`Super sand` to purify drinking water
Scientists have developed a way to chemically transform ordinary sand into so-called "super sand" for improved purification of drinking water.
Bangalore: Scientists have developed a way to chemically transform ordinary sand into so-called "super sand" for improved purification of drinking water.
Ordinary sand, an abundant natural resource of the earth, is a preferred filter material used throughout the world to purify drinking water from municipal water supplies to small domestic water filters, particularly as packed bed filters.
The new method transforms the regular sand into a "super sand" with five times the filtering capacity, according to a report in the journal Applied Materials & Interfaces published by the American Chemical Society (ACS).
The new material developed by Mainak Majumder and colleagues at Monash University in Australia "could be a low-cost boon for developing countries, where more than a billion people lack clean drinking water", the ACS said in a statement.
Majumder and colleagues started off with a nanomaterial called graphite oxide and chemically modified its surface to enable its use as a novel material for low-cost water purification processes.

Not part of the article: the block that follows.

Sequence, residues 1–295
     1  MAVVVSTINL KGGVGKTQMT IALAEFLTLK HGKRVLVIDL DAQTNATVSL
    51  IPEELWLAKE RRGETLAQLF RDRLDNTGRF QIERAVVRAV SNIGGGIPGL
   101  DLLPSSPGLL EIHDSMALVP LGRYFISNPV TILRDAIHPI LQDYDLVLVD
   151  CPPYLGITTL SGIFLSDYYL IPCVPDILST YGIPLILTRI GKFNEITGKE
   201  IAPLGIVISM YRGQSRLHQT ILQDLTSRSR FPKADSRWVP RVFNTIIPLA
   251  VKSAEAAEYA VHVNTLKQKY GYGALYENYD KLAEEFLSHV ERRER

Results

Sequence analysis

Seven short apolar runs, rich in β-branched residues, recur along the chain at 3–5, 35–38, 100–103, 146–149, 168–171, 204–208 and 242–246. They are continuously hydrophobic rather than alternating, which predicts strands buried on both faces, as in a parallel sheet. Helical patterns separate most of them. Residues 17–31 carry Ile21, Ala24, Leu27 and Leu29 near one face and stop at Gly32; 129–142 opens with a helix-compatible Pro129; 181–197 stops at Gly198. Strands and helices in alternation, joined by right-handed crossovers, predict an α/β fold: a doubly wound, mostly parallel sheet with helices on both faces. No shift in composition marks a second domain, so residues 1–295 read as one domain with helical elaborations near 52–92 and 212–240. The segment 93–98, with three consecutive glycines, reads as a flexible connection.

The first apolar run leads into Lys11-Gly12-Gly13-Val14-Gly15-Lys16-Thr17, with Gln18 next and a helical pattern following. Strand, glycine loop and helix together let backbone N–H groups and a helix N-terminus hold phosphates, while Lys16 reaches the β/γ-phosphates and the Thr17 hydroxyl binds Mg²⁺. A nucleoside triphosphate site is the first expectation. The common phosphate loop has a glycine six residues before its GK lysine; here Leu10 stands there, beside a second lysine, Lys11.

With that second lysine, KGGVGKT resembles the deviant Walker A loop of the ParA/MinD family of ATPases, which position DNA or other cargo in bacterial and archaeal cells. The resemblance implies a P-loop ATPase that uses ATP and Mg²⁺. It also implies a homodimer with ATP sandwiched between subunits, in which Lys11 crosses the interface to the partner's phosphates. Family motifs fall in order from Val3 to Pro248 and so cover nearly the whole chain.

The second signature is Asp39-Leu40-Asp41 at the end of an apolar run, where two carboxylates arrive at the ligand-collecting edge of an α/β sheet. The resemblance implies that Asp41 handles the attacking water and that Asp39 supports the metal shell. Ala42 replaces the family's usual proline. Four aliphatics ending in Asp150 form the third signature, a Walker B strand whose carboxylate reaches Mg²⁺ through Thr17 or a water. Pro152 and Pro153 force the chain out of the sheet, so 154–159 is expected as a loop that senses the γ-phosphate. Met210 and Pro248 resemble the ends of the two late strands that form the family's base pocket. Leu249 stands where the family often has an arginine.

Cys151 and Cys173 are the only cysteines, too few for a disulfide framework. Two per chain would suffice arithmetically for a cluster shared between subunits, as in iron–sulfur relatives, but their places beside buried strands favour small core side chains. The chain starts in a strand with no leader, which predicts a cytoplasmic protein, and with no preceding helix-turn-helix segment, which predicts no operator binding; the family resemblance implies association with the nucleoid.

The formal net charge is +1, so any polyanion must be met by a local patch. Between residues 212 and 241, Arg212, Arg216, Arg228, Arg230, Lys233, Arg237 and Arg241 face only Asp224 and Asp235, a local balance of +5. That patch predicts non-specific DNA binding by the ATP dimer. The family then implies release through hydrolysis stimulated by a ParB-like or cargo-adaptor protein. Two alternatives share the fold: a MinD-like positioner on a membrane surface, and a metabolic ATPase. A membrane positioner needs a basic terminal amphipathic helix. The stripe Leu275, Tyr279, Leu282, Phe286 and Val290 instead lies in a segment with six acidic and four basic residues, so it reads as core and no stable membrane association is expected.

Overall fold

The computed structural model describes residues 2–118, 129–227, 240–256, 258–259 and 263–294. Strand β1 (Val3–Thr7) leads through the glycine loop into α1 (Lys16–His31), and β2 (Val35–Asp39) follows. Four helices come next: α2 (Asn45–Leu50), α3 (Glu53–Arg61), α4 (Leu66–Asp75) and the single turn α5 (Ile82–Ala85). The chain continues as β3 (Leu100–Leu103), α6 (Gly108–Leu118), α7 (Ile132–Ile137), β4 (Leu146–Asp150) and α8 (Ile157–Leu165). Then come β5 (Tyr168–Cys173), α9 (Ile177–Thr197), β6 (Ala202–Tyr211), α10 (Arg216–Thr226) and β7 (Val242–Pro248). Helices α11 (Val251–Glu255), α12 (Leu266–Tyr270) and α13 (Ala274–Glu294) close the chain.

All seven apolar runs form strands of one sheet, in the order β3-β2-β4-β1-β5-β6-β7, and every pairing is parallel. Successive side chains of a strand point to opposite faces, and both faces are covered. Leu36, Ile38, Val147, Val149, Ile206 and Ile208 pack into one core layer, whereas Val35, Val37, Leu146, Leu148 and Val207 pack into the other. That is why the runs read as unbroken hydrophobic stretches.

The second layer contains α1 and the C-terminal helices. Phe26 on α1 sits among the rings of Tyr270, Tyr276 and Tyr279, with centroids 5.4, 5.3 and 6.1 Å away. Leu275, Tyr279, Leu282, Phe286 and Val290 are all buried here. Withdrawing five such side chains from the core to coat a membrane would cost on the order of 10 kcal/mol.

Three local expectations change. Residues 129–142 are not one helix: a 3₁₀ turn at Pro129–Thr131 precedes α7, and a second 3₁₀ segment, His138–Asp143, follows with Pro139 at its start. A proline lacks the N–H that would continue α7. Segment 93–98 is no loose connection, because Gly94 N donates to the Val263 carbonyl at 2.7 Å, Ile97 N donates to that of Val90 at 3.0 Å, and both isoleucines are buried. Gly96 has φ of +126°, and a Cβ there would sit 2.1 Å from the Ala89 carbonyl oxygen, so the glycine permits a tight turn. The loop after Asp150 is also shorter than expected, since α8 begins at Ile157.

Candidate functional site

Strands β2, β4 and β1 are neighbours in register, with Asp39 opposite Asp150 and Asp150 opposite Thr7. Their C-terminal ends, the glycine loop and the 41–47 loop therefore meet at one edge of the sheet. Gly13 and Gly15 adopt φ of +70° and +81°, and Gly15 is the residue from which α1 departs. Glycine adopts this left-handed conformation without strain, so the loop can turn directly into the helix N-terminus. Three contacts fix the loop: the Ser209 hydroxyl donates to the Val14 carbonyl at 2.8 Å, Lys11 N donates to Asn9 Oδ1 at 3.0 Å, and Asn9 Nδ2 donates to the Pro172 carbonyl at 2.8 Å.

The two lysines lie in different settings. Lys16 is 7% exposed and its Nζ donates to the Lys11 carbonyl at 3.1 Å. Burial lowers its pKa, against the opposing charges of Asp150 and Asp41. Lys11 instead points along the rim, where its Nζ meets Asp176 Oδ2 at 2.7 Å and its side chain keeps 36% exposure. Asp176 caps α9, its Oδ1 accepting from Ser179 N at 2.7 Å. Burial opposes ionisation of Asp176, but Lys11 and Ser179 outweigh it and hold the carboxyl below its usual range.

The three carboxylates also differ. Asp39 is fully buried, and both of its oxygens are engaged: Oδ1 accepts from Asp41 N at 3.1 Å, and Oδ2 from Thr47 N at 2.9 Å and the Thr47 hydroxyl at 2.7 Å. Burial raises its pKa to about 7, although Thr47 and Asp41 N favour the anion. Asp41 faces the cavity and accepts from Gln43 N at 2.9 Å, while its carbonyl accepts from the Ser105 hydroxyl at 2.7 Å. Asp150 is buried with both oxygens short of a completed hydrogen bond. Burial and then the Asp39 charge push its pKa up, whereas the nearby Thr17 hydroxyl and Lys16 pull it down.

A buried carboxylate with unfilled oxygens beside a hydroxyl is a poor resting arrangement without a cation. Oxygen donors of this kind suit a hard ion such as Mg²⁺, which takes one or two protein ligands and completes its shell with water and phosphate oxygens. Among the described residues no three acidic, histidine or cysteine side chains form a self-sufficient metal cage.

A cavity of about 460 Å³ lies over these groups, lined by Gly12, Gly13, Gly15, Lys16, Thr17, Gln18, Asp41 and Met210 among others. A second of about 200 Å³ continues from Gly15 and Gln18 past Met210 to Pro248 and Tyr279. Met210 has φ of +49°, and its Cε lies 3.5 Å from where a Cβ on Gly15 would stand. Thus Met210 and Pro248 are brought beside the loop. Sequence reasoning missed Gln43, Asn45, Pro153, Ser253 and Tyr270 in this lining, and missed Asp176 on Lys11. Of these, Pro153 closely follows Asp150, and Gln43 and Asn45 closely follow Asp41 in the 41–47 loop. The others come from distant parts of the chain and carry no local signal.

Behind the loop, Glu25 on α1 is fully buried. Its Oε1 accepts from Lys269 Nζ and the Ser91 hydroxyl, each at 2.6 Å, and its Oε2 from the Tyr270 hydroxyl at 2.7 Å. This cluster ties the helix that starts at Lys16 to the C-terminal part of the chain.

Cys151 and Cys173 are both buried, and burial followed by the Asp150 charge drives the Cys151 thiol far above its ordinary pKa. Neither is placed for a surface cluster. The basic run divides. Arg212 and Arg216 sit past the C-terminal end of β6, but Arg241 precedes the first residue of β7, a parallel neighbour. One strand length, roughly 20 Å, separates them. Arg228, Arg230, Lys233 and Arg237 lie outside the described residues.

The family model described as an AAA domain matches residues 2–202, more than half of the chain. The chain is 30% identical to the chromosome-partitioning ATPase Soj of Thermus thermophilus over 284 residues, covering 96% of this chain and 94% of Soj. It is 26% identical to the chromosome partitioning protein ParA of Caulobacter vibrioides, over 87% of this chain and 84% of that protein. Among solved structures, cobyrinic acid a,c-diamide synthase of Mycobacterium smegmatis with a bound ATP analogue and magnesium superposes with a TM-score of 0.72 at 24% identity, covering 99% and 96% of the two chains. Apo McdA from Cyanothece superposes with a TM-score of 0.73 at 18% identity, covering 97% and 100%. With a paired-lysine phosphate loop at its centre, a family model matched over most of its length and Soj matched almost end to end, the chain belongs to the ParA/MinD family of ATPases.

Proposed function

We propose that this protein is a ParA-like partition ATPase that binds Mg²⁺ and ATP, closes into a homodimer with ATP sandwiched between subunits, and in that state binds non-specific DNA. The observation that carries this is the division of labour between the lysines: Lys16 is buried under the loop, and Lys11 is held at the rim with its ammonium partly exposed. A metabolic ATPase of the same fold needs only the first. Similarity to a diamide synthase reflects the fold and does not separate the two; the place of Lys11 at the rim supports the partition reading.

They used a simple method to coat sand grains with surface modified graphite oxide, creating super sand that successfully removed mercury and a dye molecule from water.
Its filtration "performance is comparable to some commercially available activated carbon", the scientists said.
In other words, they have demonstrated a simple technique for conversion of regular filtration sand into "core-shell" graphite oxide coated sand granules that improved sand filtration in a cost-effective way.
"The nanostructured graphite oxide-coated sand retains at least five-fold higher concentration of heavy metal and organic dye than pure sand," the scientists reported.
Thus suitably engineered graphite oxide, particularly derived from natural graphite, can improve existing processes and spawn low-cost water purification technologies suited for the developing economies, their report said.
The researchers said they are currently investigating strategies that will enable the assembly of "functionalised graphite oxide particles on the sand grains to further enhance contaminant removal efficiencies".